Lewisburg is one of five Mississippi schools taking part in a season-long pilot program, endorsed by the Mississippi High School Activities Association
When the Lewisburg football Patriots take the field Friday night against Mitchell, the team not only will be tackling the visiting Tigers from Memphis, but also tackling an issue that has become a growing problem in football.
Lewisburg is one of five Mississippi schools taking part in a season-long pilot program, endorsed by the Mississippi High School Activities Association in partnership with X2 Biosystems and the Mind Matters Foundation, an Oxford-based nonprofit that addresses concussion issues in athletics.
X2 Biosystems has provided 10 randomly-selected Lewisburg players its “X-Patch” wearable impact sensors that monitor head impacts and concussion injury risks during practices and games. The sensors are worn in the back of the player’s ear and not able to be seen with the player’s helmet on.
Thomas Dill of Cornerstone Rehabilitation and one of two athletic trainers who work with the Patriots, said the sensors are able to log the location and severity of the impact to a player’s head.
“This tells you where the point of impact is being placed on the head and how hard the impact is that’s coming in,” Dill said. “It’s a great tool for athletic trainers, an adjunct to these applications and these subjective tests. It gives you an extra tool to evaluate these kids for head injuries.”
Meredith Clark, another Cornerstone trainer with the Patriots, said Lewisburg’s selection for the program came on a request from the Mind Matters Foundation executive director Chyna Ward to Cornerstone’s ownership.
“It’s just more education, because we’re seeing so much,” Clark said. “The coaches are more aware, the athletic trainers are more aware based on research and study that’s been done through the National Athletic Trainers Association.”
Dill said about four-million concussion injuries take place on the field each year across the country, adding football and soccer are the top two sports for injuries at the high school level.
Mississippi has become a national leader in addressing the growing problem of head injuries and concussions in participating in the pilot program. Athletic Director Rusty Cagle believes the MHSAA will use data from the program to develop new policies to ensure safety.
“I think the state (MHSAA) is in conjunction with X2 trying to figure out what mandates we can make in regards to practice time,” Cagle said. “How many days in pads, how many days to practice to limit the impact, that kind of thing.”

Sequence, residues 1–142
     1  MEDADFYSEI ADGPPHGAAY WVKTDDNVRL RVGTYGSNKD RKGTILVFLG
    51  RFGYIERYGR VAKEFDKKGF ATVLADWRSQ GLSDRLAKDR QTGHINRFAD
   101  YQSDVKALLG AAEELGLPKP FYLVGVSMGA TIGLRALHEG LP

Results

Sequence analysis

Another attraction to Lewisburg’s participation, said principal Chris Fleming, is that athletes in all sports at the school will get a baseline test which physicians can use in case of head injury.
“The big thing for me is the baseline testing for all the athletes, not just the ten kids that are on the field,” Fleming said. “If anything happens to any of those kids, they can take that baseline test with the protocol we have in place and go to their doctor. Industry-wide, that’s about a $25-$30 cost and our kids are not having to pay that.”
Dill said the X2 application is the same used in the NFL, Major League Soccer and the Canadian Football League. He added a similar patch is worn by every football player at Ole Miss, Tennessee and Vanderbilt.
Clark said when a player complains of a headache, the chip is removed and data from the chip will show when the player was hit, where and to what degree was the hit inflicted.
“We can go back and we can look at the number of times one particular player was hit, go back and look at film and take a look at how many times has he taken that hit,” Clark said.
Cagle added the information also becomes a means for better coaching.
“With this, they can show you when a kid is tackling bad,” Cagle said. “They can show you the impact where your head hit another kid. We can use that as a coaching tool.”
But Fleming said the issue is safety for his athletes.
“Our district is constantly being reminded about the biggest goal being safety,” Fleming said. “We’re not just talking about kids being safe today. We’re talking about their health and their safety concerns for 10, 15, 40 years from now.”
The other schools taking part in the program are Gulfport, Booneville, Hattiesburg and Clinton.